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Mi Vida Loca
Mi Vida Loca means my crazy life (as a girl). The movie documents the phenomenon of female gangs in the early nineties in Los Angeles. It is written and directed by Allison Anders, who grew up in Los Angeles and went to UCLA. She uses personal experiences to help influence her story writing. In Echo Park, a group of young Mexican-Americans show what it means to live in the inner city. The film looks at gang lifestyle from a woman s point of view to uncover relationships, conflicts, gang loyalty, and identity. The homegirls portray their female friendships through their daily lives of survival in Echo Park. It is a rough life with almost every homegirl having a baby by the time they are twenty-one and almost every homeboy being handicapped, killed, or in jail by the time they reach their early twenties. The girls try to become autonomous from the men in their lives by forming their own female gang. The gang culture of Mi Vida Loca reflects and constructs culturally understood gender roles.

The basic plot is based around two Chicano girls and their childhood lives. The movie is split up into three episodes. Maribel Mousie and Mona Sad Girl were childhood best friends that become enemies over a boy, Ernesto. Sad Girl is the main narrator of the movie. This drug dealer first falls for Mousie, but then gets Sad Girl pregnant also. He spends most of his money on his two babies and his prize possession, Suavecito, his mini-truck. The two young mothers arrange a fight one-on-one for a bloody confrontation. Neither of them gets hurt, but Ernesto is shot by one of his Caucasian clients on the same night. With Ernesto out of both of their lives, they can move on and earn back each other s friendship.

After Ernesto s death shadow takes over his brother s drug dealing business with the help of Shadow, a female gangster that was shot with Ernesto. Meanwhile, Anhenica Giggles is released from a four-year sentence in prison for the crimes of her deceased boyfriend. As an older homegirl , the girls look up to her and ask for guidance. Giggles and the girls discuss the future of Sauvecito and agree selling it. But the men have already decided to enter it in a car show that Ernesto was looking forward to. Giggles has decided on changing her lifestyle to be an independent, working woman. The homegirls are disappointed that Giggles wants to pursue a career in computers instead of lead them in their gang affairs. Giggles doesn t need or want a man to be dependent on anymore. She warns the girls, By the time our boys are twenty-one, they are either in prison, or handicapped, or dead! She rejects Big Sleepy s offer of becoming his partner after she has sex with him. Big Sleepy is an older generation gangster who has his own business as a mechanic and detailing cars.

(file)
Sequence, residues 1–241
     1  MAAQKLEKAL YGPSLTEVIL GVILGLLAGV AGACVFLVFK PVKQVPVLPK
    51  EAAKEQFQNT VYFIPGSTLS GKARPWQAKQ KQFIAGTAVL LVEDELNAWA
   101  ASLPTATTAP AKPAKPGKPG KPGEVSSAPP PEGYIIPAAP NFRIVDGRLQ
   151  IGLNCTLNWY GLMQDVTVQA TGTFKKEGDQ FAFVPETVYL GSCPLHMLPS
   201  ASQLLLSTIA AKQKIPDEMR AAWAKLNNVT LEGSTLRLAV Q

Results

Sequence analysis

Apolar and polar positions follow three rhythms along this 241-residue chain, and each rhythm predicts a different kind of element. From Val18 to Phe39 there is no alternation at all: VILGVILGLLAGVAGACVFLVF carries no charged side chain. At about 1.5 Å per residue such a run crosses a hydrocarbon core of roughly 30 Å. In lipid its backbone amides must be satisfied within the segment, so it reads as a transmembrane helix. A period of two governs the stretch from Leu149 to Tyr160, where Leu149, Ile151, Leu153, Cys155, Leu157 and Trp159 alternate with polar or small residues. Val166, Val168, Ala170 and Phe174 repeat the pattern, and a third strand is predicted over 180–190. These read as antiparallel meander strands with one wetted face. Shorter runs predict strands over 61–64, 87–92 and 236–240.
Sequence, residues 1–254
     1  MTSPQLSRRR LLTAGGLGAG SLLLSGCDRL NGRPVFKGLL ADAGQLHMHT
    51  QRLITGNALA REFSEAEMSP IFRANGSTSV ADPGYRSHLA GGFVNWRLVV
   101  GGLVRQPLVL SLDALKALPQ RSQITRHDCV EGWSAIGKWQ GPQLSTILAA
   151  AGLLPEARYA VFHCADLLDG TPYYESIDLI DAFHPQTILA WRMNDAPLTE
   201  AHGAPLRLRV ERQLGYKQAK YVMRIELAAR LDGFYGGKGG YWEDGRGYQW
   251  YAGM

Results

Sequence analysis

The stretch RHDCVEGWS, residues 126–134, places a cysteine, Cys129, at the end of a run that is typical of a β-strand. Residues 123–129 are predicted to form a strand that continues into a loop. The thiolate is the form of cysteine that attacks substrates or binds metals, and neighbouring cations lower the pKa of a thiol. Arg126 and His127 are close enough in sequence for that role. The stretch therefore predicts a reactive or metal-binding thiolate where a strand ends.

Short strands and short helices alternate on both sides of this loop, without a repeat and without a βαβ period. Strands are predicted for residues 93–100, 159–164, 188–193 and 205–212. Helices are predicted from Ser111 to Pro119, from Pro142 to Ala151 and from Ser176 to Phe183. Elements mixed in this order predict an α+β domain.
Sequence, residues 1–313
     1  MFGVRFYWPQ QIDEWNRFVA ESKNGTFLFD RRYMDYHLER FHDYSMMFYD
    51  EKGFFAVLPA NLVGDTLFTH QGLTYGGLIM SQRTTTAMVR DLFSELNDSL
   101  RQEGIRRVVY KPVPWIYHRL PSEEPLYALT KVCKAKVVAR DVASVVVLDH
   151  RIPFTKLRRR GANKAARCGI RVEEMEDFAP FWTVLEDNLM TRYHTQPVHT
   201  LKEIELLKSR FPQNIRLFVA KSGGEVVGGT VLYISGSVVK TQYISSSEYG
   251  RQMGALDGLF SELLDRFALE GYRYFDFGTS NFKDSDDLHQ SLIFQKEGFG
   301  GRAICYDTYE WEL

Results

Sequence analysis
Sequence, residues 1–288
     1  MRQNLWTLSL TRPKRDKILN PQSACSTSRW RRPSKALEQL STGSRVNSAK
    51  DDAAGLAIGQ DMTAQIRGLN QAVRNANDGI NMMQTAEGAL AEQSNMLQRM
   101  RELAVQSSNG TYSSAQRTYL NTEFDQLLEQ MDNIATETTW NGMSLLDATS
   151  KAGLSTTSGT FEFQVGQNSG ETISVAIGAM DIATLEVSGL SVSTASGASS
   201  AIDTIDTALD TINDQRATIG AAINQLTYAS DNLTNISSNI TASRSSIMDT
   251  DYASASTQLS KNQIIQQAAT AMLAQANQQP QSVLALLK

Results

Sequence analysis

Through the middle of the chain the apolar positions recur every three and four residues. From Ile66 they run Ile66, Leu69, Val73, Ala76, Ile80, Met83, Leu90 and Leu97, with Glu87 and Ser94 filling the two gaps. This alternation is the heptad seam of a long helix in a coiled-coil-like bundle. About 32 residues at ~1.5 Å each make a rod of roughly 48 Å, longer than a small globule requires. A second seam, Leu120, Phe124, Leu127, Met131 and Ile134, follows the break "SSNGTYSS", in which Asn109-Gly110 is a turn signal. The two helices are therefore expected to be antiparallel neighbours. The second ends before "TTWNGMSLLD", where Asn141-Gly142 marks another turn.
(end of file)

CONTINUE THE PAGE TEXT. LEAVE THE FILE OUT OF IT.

Sad Girl s sister, Alicia La Blue Eyes , is a college girl who is infatuated with a prisoner (tercido) named Juan Temido. She constantly writes him love letters and doesn t socialize much with her sister s gang. Juan is actually El Duran , the cross-town rival River Valley gang who claims ownership of Ernesto s mini-truck. When he becomes a free man, he crushes Blue Eyes heart by never writing to her again.

One night when walking home, Shadow finds his inherited car missing and immediately assumes that El Duran stole it. His gang drives to a rival gang party to execute El Duran. Little Sleepy fires the deadly shot. At this same party, La Blue Eyes realizes that El Duran is Juan, who was just a sweet talker the whole time. The next day, a young boy in the neighborhood admits that he borrowed the car and crashed it on the steep streets of Echo Park during a joy ride. In retaliation, El Duran s followers the little girl standing by Little Sleepy on the sidewalk the next day, thinking she s his. But that little girl was actually Big Sleepy s daughter. The movie ends with the females becoming independent and starting their own operations. Sad Girl says, Women don t use weapons to prove a point. Women use weapons for love.

Gender roles are very evident in the movie. The boys are very young, yet they display manliness to the best of their ability. From a young age this group of friends have been trying to fit the gender role of the machismo male. In the gang, the tougher, meaner one is, the more respect his homies give him. As French agrees:

Manliness, as defined by patriarchy, means to be or appear to be in control at all times. But remaining in control prevents a person from ever achieving intimacy with another, from ever letting down his guard; it thus precludes easy friendship, fellowship, community. Men may have buddies, acquaintances with whom they can engage...
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Anders, Allison. Mi Vida Loca. Cineville Inc. 1993.

French, Marilyn. Gender Roles. One World, Many Cultures. Ed. Stuart Hirschberg. 2nd ed. Boston: Allyn and Bacon, 1995. 143-152.
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